Why aren't Croatian "plam" (meaning "flame") and English "flame" considered to be related, or at least possibly related? They mean exactly the same, and they seem to fit phonologically. Croatian 'p' regularly corresponds to English 'f' by the Grimm's Law. So, why is the English word being a borrowing from Latin "flamma" and Croatian word being related to "pepeo" (ash) considered a more likely explanation?

1 Answer 1


English flame isn't a native English word, but a loan from Old French flame; Grimm's law doesn't apply, as it had long ceased to operate at that point. The initial f actually reflects PIE *bʰ, which would yield b in both Slavic and Germanic but became f in Latin.

Both English and Serbo-Croatian do have native descendants of the PIE root *bʰel- that yielded flame: English bale[fire] (now archaic), Croatian bijȇl 'white'. The similarity between plȃm and flame, however, is just a coincidence.

  • How do we know "flame" is not a native English word dating back to Proto-Indo-European? Commented Dec 12, 2020 at 21:43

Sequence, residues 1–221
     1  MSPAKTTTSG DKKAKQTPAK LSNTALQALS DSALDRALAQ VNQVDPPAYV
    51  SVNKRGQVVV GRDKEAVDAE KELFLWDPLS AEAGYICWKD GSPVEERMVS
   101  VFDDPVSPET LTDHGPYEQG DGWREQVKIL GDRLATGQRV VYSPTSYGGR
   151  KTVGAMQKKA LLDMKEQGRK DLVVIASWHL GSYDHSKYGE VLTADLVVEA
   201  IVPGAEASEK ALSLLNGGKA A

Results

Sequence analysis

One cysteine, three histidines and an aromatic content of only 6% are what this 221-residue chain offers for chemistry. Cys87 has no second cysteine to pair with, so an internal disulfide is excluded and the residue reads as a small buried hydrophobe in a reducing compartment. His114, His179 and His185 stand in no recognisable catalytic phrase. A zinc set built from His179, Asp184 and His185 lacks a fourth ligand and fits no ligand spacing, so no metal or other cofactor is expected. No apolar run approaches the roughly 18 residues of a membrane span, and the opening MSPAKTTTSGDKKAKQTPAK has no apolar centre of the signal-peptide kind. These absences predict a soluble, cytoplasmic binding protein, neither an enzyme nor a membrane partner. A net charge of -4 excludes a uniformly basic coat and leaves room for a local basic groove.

• 10
    @FlatAssembler The word doesn't show up in Old English at all, and is only attested from the 14th century on, at a time when Middle English was in the middle of appropriating a massive amount of vocabulary from Old French in the centuries after the Norman invasion. It also doesn't exist in other Germanic languages except Dutch (which also had close contacts with French) and German (which borrowed it from Dutch; there we have the additional point that if it had been native it would have been Flahm by comparison with English and Dutch, but instead it's Flamme).
    – Cairnarvon
    Commented Dec 12, 2020 at 22:34
  • Great answer! I have a doubt though: PIE *bʰ, according to all the stages of Grimm's law, should yield an f, correct? (bʰ > b > p > f). So, why did english have "bale" instead of something like "fale"?
    – Qwertuy
    Commented Dec 13, 2020 at 11:53
  • 5
    @Qwertuy That's how the chain shift is usually represented, but it's only applied once: PIE *bʰ changed to *b, but it didn't then keep shifting after that. Likewise, PIE *b became *p (e.g. *h₂ébōl > *aplaz 'apple') but didn't then keep moving into *f. Proto-Germanic wasn't all voiceless fricatives.
    – Cairnarvon
    Commented Dec 13, 2020 at 13:04

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